12 Ways to Keep Your Brain Young

Perhaps living a full life is not so much about being young at heart but young in your mind. Find out how to keep your mind sharp at any age.

Keeping your brain young

Being old doesn’t have to mean stepping outside of life. While aged care residents may be less mobile and need help with everyday tasks, this doesn’t mean they don’t enjoy having something to look forward to.

As the Loved One of a person in aged care, you are no doubt concerned about your family member’s mental clarity and emotional wellbeing. The good news is that a decline in brain function and mood does not have to be an inevitable part of aging.

Research has found there are many benefits to staying mentally active when it comes to overall health and wellbeing for the elderly. Like anything else, it is important to exercise your brain to improve its functionality.

Take a look at some of the ways you can encourage your elderly relative to keep their brain ‘young at heart’.

Look for mental stimulation

Simple activities like crosswords, trivia questions or card games have been reported by Harvard Health as being helpful in “generating new brain cells, developing neurological plasticity and building up functional reserves that provide a hedge against future cell loss.”

Reading, watching educational videos or doing puzzles can also help to ‘exercise the brain’ and keep it brain young. Arts and crafts or anything requiring mental effort and problem-solving are also effective.

Be active

According to Harvard Health, using your muscles also helps your mind. Their reports shares that, “Animals who exercise regularly increase the number of tiny blood vessels that bring oxygen-rich blood to the region of the brain that is responsible for thought. Exercise also spurs the development of new nerve cells and increases the connections between brain cells (synapses).”

To promote more mental alertness in your elderly relative, encourage them to take part in whatever exercise they are capable of. They may enjoy taking a short walk with you during your visit. Just be sure to stay close and point out obstacles if they are having trouble seeing. A gentle hand on their elbow or a walker to lean on can be helpful to prevent falls.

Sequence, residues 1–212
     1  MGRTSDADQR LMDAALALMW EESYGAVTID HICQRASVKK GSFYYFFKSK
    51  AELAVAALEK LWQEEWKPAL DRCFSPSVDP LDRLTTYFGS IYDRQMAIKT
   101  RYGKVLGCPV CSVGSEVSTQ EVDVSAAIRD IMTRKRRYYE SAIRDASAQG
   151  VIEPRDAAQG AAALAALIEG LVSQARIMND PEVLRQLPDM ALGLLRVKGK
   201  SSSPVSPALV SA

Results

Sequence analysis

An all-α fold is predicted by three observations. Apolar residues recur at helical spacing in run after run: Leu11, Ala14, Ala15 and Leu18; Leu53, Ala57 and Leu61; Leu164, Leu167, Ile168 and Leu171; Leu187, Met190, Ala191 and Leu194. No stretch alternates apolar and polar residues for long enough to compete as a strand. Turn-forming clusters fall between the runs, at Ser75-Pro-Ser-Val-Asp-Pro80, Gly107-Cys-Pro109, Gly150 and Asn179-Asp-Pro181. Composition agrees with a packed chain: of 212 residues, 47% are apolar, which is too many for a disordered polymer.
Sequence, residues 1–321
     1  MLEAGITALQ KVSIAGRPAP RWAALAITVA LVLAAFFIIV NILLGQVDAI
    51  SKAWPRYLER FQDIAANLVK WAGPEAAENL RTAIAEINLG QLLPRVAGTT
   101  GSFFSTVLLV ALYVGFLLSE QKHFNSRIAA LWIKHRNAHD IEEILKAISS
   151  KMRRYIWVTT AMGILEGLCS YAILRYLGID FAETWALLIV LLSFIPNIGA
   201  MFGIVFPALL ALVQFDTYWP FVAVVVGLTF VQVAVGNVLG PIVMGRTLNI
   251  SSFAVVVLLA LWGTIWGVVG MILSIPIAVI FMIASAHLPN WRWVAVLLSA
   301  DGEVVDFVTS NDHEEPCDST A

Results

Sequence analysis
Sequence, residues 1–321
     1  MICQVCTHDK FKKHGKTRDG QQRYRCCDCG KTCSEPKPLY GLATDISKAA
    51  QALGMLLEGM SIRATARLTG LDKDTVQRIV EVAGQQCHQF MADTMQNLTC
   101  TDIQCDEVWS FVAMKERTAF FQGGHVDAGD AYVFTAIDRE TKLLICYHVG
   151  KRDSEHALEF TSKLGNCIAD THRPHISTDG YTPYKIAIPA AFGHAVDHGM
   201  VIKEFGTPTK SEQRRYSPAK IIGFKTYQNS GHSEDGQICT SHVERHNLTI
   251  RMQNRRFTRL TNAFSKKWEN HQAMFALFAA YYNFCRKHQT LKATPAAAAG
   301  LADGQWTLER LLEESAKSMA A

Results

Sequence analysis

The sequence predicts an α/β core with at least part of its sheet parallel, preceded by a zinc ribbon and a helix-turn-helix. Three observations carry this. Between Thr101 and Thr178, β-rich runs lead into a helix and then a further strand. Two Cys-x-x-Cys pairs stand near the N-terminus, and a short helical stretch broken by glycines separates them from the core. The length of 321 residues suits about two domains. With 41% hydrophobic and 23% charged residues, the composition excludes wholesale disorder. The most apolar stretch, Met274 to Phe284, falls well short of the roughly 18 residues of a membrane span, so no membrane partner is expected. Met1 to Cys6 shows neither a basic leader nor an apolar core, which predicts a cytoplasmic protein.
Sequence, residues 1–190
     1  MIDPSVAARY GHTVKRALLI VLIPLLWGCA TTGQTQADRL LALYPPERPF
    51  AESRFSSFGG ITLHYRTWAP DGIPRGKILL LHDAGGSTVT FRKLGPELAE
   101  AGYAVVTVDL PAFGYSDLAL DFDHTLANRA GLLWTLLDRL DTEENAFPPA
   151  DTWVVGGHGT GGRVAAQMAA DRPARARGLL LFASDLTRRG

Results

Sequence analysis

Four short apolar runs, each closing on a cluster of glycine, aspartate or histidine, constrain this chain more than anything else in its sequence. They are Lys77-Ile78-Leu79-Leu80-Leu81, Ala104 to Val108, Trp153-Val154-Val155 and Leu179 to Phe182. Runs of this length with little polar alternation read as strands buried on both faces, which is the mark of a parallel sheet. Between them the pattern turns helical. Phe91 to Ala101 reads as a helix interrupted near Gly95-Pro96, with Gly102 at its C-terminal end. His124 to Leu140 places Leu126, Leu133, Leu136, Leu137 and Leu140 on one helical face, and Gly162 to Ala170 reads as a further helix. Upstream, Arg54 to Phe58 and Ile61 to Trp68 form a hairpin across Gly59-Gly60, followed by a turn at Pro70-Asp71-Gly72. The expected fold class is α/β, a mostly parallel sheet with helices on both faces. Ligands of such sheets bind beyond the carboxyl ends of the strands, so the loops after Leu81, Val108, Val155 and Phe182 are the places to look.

Eat well

Good nutrition helps your mind as well as your body. Your Loved One should have access to a varied diet, which includes fruit, vegetables, fish and protein.

It is possible for aged care residents to eat a range of healthy foods even if they have trouble with chewing. Speak to the staff at your Loved One’s facility to understand what their meals consist of each day.

Limit salt intake and alcohol

High blood pressure in midlife has been found to increase the risk of cognitive decline in old age.

Good health really is for life so reducing salt and keeping alcohol to a minimum are essential in old age. Blood sugar is another area to keep an eye on, with excess sweets and treats contributing to weight gain and increasing the risk of diabetes, which is a risk factor for dementia.

Stay happy and social

Elderly people who feel positive and socialise regularly have lower risks of developing dementia and score more highly on cognitive function tests.

Encourage your Loved One to get enough rest and talk to someone if they are feeling depressed or anxious so they can stay strong in their mind and get more from life. You could also consider accompanying them to a regular social activity at their facility.

While our professional expertise at Healthcare 2 You extends to eye care, nutrition, physiotherapy and podiatry, we are interested in all areas of senior health and wellbeing. To find out more about how we can help your Loved One to improve their health, get in touch today.